Creating the Climate for Public Art:

More than tourist dollars:

Sitting over coffee last Friday afternoon at Burnet Avenue's Sparky Town, Mary Stanley said she's going to next Thursday's public art workshop at Gifford Zoo because she wants to know what other people think "public art" is. Stanley, who lives part of the year in Parati, Brazil, a small coastal city that hosts a hugely successful annual international literary festival, is a founder of Art Across Borders, a project that addresses how the arts sustain communities.

"Public art goes to the core of who we think we are," she said. "There's such a long tradition of public art based on history-making events, really on conquest and imperialism, men on horseback. There was a clear break after 9/11. They're still fighting about what should be built at Ground Zero -- really, what public space is for. I remember the 'New York Times' ran a huge piece on European cities designed with those broad boulevards converging on -- well, literally the monumental. But I think it started breaking down earlier, with the Vietnam memorial in DC -- that low black wall, public art that acknowledged the cost of war. And there's a whole parallel tradition of people's public art that's not funded and blessed by public money. So public art is a lot more than boosting tourist dollars."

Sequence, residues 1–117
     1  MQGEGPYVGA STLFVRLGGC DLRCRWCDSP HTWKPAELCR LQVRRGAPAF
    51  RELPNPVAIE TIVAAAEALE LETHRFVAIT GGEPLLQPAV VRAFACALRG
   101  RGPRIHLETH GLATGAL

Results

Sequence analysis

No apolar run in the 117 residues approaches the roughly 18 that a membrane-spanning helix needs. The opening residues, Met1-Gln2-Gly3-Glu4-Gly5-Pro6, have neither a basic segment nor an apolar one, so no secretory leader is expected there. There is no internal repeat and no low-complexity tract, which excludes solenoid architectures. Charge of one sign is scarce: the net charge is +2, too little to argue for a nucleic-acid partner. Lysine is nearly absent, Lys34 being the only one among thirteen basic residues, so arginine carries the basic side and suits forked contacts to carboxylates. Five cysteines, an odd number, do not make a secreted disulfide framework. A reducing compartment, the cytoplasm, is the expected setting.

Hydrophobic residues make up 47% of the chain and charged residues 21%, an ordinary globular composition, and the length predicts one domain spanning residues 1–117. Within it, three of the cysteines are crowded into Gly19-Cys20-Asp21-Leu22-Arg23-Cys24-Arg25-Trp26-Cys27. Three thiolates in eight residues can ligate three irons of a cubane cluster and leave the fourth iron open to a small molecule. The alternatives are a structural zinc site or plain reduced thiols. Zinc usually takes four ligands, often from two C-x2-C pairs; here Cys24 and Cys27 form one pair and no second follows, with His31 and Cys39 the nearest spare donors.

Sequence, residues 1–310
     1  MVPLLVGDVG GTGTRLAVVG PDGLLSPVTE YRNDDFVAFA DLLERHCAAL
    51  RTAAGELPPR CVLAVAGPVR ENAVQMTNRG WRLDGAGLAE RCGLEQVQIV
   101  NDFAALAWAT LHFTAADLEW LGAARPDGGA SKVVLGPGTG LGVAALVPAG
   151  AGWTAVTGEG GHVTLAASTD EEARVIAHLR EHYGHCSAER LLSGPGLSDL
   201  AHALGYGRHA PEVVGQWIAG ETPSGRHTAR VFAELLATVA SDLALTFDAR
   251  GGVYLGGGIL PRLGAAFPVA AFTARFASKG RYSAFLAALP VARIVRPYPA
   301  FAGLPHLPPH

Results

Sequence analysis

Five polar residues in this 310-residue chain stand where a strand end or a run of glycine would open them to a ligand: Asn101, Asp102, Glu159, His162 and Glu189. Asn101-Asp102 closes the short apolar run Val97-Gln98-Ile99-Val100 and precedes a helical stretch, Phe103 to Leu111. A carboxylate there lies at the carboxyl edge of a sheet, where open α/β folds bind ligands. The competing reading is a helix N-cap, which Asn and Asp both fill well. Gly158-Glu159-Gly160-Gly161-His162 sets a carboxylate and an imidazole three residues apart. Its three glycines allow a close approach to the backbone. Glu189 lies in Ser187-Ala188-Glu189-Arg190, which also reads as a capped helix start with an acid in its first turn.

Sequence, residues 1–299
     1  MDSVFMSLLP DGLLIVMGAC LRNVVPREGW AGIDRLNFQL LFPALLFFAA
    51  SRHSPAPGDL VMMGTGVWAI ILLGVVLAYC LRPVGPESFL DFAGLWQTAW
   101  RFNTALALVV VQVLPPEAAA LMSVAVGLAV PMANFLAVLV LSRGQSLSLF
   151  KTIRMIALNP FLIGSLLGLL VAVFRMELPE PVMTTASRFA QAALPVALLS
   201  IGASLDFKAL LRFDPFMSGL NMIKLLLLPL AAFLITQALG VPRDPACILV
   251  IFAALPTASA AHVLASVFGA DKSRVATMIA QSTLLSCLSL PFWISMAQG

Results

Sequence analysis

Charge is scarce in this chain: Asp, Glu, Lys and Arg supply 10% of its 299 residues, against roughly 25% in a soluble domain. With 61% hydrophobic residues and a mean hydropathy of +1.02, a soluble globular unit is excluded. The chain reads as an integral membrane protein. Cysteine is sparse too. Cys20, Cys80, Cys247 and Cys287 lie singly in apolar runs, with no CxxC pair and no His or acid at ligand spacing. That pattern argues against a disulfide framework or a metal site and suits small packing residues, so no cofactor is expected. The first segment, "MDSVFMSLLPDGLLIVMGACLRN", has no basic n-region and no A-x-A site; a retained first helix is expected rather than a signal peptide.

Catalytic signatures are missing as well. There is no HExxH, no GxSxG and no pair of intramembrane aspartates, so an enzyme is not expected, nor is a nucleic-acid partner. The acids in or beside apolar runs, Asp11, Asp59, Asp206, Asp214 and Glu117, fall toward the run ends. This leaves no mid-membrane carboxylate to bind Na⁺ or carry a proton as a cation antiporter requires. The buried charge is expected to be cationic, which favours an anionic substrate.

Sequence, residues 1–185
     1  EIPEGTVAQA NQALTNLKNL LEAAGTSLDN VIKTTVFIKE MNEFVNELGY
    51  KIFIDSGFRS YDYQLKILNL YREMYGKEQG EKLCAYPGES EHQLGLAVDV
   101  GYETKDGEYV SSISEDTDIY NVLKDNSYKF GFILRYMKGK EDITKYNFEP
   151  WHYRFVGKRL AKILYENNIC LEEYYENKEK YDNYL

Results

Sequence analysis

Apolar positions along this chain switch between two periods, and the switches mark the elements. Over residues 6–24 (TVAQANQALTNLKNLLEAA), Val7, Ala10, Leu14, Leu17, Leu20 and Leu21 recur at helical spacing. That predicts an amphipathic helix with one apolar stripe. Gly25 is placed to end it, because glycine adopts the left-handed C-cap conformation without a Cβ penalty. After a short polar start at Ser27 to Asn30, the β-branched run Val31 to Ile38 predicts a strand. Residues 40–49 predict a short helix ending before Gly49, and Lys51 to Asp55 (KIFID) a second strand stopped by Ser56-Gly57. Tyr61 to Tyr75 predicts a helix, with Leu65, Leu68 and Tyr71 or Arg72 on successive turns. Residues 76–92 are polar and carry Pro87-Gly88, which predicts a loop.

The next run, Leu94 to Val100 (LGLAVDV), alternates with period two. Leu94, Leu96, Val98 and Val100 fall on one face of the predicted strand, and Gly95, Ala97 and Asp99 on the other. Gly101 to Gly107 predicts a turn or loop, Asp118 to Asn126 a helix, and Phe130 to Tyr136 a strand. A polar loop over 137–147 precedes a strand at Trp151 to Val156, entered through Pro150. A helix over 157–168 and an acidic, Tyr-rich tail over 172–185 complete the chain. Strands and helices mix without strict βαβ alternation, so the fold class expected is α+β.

On April 24th the Gifford Zoo hosts "Creating the Climate for Public Art," a three-hour gathering produced by the City's Public Arts Commission (PAC) and the Cultural Resources Council (CRC). Liesel Fenner, manager of public arts for the Washington, DC-based Americans for the Arts, is the main speaker. She'll present a slide show overview of what other communities are doing nationally and speak to current trends, like "master-planning" and regional arts networks, that may echo Stanley's view. Then participants will have a working lunch, discussing a series of base questions with table facilitators, after which PAC and CRC will take a report back to the community for comment via the eight TNT neighborhood planning councils. Clark says there may also be a follow-up meeting specifically for artists.

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